McCain Calls For Bipartisan Cooperation On Financial Bailout, But Refuses To Talk With Democrats

phones.jpgOn Wednesday afternoon, John McCain claimed to want to put partisanship aside to focus his attention on the financial crisis. “We must meet as Americans, not as Democrats or Republicans, and we must meet until this crisis is resolved,” he said. Yesterday, McCain’s top aide Mark Salter stressed that McCain was “calling members on both sides.”

But throughout his short involvement in the negotiations over the past few days, McCain has talked almost exclusively with Republicans. The New York Times reports that McCain aides “released a list of people they said Mr. McCain had called from his campaign headquarters on Saturday.” Among them were:

President Bush
Treasury Secretary Hank Paulson
Federal Reserve Chairman Ben Bernanke
Senate Minority Leader Mitch McConnell (R-KY)
Sen. Judd Gregg (R-NH)
Sen. Jon Kyl (R-AZ)
House Minority Leader John Boehner (R-OH)
House Minority Whip Roy Blunt (R-MO)

The list included “nine House Republicans.” No Democrats were listed.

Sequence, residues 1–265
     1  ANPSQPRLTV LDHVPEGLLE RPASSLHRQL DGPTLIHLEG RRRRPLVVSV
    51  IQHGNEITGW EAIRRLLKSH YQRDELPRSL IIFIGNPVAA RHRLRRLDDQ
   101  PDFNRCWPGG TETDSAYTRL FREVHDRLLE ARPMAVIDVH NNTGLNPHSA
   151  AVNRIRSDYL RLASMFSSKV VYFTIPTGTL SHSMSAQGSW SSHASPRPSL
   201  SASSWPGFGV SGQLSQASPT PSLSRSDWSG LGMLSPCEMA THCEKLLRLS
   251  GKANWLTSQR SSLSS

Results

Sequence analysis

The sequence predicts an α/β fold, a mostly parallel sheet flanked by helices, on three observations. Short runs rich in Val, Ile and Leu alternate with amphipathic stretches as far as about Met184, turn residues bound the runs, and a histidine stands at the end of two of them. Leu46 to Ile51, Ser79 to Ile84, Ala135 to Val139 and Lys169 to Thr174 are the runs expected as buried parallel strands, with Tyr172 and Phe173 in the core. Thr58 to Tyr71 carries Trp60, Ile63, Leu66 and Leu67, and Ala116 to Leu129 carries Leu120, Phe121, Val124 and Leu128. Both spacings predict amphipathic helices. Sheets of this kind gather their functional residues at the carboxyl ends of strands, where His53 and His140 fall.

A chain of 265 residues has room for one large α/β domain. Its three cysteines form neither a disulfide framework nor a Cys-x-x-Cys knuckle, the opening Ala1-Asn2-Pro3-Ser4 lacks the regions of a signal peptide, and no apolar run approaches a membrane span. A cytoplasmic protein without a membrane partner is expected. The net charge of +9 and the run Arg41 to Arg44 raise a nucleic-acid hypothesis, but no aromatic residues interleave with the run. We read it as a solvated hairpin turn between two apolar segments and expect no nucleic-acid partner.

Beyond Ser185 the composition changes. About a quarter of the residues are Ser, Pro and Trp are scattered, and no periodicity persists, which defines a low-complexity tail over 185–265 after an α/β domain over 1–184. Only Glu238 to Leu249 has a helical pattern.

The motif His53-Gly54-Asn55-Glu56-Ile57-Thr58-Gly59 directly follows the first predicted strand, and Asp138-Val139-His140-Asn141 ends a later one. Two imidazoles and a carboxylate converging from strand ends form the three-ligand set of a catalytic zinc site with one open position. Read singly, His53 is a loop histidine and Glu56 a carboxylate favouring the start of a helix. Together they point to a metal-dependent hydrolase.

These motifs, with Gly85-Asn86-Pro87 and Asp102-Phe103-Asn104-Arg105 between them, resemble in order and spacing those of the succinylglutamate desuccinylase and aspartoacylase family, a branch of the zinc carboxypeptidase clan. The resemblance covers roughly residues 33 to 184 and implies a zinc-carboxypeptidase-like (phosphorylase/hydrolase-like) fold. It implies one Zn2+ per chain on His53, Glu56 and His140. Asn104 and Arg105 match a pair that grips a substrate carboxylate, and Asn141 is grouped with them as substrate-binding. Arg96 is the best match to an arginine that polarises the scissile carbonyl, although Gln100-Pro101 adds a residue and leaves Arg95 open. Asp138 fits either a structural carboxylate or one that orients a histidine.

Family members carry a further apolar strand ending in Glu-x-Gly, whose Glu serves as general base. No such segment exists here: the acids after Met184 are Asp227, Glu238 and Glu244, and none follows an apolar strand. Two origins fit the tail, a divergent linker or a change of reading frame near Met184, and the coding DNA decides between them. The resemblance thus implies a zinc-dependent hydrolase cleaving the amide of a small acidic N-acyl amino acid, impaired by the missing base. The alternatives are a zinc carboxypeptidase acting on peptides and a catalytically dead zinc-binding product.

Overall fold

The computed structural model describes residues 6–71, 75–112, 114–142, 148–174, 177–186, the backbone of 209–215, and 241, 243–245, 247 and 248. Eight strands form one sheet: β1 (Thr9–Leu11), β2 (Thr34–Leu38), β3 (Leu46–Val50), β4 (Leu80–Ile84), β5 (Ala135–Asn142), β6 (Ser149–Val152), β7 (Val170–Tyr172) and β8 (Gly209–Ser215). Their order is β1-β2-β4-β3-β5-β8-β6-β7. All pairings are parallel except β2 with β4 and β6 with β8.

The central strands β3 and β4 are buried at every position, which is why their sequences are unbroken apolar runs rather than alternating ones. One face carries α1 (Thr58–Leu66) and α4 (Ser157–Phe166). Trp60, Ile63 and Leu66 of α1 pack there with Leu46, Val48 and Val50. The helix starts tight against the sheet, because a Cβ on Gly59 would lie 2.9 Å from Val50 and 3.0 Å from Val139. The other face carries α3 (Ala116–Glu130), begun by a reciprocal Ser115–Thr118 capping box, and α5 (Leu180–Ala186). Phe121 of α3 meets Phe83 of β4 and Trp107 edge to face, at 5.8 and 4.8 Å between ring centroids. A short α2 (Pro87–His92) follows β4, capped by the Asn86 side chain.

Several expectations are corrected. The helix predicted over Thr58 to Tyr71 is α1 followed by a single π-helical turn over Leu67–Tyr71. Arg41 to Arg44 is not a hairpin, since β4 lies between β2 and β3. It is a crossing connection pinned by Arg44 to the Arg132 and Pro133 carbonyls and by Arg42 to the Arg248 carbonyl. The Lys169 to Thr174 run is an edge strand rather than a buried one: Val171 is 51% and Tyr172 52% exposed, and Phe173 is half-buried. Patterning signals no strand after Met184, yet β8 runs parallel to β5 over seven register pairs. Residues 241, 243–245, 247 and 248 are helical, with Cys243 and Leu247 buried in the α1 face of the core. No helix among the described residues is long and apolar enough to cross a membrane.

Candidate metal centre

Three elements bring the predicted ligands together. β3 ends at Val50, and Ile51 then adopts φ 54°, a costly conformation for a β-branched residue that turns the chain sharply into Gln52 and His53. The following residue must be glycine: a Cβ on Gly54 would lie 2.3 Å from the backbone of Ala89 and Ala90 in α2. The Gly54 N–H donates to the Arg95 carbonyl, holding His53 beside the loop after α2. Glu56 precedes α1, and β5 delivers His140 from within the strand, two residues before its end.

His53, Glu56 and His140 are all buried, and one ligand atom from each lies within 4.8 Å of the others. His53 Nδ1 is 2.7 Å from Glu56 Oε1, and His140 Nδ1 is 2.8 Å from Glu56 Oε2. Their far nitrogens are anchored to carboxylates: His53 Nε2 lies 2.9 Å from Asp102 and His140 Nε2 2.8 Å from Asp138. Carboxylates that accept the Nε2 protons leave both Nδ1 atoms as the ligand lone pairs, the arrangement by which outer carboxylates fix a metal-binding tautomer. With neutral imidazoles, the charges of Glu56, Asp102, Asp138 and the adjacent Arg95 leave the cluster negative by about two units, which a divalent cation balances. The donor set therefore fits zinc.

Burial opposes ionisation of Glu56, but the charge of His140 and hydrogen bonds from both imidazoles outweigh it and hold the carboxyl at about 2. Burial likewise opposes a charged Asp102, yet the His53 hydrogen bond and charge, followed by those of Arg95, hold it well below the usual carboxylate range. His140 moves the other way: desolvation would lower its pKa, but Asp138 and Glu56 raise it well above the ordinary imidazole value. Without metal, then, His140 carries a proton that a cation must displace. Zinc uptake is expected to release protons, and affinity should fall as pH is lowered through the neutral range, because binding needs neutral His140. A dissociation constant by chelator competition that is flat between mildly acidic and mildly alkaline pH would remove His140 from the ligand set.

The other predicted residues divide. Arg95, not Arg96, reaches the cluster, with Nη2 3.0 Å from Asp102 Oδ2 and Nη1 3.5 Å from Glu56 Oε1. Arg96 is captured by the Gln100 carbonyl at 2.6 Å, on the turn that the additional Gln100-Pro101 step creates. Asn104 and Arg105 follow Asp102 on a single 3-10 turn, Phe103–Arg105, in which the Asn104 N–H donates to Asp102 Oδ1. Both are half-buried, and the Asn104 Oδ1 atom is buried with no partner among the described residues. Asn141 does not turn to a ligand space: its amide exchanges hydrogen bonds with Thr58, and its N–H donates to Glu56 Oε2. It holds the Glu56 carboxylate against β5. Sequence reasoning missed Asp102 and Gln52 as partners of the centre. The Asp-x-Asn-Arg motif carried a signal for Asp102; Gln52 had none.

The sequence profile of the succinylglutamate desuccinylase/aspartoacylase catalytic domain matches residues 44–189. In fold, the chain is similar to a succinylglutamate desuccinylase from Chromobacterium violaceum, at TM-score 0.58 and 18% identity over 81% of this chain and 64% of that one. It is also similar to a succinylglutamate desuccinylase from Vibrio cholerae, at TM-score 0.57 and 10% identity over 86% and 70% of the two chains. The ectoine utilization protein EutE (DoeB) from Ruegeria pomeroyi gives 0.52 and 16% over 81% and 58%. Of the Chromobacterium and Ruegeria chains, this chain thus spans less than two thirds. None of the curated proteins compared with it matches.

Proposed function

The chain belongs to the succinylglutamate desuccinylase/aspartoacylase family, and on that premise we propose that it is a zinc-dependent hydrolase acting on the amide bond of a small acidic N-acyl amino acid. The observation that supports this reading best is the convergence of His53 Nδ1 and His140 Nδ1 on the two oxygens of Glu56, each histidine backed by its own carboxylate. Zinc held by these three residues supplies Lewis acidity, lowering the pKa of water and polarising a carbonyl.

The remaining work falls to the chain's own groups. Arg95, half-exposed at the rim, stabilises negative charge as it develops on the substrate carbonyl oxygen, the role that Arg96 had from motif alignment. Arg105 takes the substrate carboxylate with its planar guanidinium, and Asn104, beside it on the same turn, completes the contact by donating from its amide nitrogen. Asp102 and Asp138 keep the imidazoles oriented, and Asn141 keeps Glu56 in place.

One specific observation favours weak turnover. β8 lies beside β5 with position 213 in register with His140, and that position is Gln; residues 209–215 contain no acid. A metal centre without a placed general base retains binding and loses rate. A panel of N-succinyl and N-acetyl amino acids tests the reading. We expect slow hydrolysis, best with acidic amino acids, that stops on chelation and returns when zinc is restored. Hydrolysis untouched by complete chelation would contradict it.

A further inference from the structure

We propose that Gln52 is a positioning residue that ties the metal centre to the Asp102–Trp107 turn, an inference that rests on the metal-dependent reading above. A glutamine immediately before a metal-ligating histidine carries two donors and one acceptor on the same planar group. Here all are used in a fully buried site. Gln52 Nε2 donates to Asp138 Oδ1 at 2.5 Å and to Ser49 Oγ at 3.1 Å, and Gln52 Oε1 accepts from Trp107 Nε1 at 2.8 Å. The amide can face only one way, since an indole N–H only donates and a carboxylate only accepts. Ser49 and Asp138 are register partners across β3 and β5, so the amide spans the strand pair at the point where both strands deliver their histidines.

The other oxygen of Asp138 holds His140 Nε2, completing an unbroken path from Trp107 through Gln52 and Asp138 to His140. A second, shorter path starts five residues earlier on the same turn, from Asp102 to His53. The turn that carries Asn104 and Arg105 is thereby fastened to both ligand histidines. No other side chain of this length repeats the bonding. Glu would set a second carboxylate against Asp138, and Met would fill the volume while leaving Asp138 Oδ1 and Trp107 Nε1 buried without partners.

The only time McCain seemed to interact with Democrats was during the bipartisan meeting at the White House on Thursday. During that meeting, McCain “played a shockingly passive role,” sitting silently for 40 minutes, and refusing to discuss his position on the bailout.

On ABC’s This Week, McCain said he came back to Washington DC to get involved in the bailout negotiations. “I came back because I wasn’t going to phone it in,” he said. And yet, McCain did just that yesterday. He “did not go to Capitol Hill after coming back to Washington.” instead opting to phone it in. Salter explained, “He can effectively do what he needs to do by phone.” McCain did have time, however, to take in dinner at an upscale DC restaurant with Joe Lieberman (I-CT). (HT: TP reader ME)